Allergy and cold medicines will no longer be available to Canadians from supermarkets and corner stores as a result of new rules which are aimed at preventing addicts from making crystal meth. The supermarkets and drug stores which have pharmacies will however not be affected by the ban which will come into force from 10 April 2006. Only pharmacists will be able to sell about 15 medicines which are of the single ingredient category. This is inclusive of Sudafed Decongestant 12-hour caplets, Triaminic Allergy Decongestant and Contac Cold.
Crystal meth is an additive substance which is rapidly gaining in popularity, and contains pseudoephedrine and ephedrine. Retailers and the producers of cold medicines have however faulted the ban, as biker gangs are reported to be controlling the commercial labs which produce crystal meth, and the regulation as such is not expected to have much effect, according to them. The police force of the country is reported to be in favor of this ban. The addition to this drug is reportedly spreading from the west of the country.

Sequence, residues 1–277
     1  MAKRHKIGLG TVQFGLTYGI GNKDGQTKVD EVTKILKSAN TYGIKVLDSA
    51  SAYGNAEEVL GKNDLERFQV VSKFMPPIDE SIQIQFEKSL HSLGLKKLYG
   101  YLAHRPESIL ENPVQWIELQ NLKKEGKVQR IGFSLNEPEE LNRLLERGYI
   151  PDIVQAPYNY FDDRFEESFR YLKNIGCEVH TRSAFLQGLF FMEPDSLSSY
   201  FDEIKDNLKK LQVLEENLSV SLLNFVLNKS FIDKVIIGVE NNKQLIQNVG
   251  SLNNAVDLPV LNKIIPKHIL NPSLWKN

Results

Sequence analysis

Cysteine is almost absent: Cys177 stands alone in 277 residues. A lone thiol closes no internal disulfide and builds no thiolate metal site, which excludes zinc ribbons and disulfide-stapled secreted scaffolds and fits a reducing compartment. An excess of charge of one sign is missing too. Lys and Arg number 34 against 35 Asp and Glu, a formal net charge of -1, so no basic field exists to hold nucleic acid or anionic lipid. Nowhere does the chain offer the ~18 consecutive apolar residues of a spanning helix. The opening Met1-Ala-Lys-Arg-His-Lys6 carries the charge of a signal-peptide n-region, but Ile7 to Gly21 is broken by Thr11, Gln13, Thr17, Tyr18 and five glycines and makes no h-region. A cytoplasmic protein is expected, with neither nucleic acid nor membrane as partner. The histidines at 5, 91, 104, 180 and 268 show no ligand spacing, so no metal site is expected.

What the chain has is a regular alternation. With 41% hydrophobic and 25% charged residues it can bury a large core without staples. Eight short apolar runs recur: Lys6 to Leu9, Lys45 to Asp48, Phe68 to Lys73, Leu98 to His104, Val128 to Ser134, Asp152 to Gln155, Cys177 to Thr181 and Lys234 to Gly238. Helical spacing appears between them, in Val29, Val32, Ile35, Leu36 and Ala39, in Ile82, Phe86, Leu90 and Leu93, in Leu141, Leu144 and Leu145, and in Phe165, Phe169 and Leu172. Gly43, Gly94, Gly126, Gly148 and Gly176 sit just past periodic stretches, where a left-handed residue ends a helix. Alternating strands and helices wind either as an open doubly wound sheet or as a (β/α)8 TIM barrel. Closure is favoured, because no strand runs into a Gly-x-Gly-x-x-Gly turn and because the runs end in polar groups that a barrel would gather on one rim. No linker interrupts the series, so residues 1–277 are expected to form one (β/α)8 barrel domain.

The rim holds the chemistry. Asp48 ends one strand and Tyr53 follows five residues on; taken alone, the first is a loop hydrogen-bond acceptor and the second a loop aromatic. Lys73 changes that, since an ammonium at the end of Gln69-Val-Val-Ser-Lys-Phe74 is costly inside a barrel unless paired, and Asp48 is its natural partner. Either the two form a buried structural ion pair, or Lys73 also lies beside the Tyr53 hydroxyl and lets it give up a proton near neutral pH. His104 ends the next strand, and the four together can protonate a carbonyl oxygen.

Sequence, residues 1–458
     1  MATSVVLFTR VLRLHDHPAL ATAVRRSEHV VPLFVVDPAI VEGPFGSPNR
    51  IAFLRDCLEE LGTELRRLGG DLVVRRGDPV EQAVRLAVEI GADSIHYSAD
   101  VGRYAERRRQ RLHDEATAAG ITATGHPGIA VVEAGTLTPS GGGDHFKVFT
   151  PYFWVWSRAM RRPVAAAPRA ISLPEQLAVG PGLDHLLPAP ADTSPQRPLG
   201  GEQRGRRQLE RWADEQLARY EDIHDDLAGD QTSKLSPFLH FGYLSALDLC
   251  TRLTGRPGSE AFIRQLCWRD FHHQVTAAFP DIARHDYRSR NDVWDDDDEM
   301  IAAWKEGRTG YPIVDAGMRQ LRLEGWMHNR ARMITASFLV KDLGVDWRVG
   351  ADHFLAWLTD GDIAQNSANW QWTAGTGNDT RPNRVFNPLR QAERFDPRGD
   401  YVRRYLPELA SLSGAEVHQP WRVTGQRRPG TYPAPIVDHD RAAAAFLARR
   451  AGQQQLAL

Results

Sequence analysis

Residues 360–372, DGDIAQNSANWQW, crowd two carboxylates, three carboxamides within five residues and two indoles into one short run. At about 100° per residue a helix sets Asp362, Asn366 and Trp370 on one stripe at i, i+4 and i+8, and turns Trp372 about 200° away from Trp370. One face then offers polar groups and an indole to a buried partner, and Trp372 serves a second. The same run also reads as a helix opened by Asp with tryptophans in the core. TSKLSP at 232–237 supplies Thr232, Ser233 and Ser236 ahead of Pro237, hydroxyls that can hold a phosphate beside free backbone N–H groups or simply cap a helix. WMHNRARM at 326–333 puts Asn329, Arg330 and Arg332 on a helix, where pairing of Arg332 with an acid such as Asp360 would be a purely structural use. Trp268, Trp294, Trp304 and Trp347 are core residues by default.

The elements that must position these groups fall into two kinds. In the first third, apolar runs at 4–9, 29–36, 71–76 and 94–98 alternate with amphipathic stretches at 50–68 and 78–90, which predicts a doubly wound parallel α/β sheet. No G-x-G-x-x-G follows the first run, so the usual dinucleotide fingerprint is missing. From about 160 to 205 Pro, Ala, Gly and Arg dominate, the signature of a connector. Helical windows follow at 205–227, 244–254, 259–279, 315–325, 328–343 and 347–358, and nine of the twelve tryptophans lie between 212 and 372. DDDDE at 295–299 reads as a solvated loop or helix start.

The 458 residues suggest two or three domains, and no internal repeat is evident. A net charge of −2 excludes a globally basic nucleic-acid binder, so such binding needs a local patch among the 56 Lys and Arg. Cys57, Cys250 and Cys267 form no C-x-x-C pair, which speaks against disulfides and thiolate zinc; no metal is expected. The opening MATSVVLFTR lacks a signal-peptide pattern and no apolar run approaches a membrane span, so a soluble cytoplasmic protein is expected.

This has already become a massive problem in the US. Canada's National Association of Pharmacy Regulatory Authorities seeks to regulate the availability of products which go to make the drug. The public is expected to take the inconvenience in their stride. The Non-Prescription Drug Manufacturers Association of Canada has however opposed this move of the Government. The products which will be affected are inclusive of Claritin Sinus, Triaminic, Tylenol Cold, and Benylin. The new rules are likely to affect rural areas where there are lesser number of pharmacies.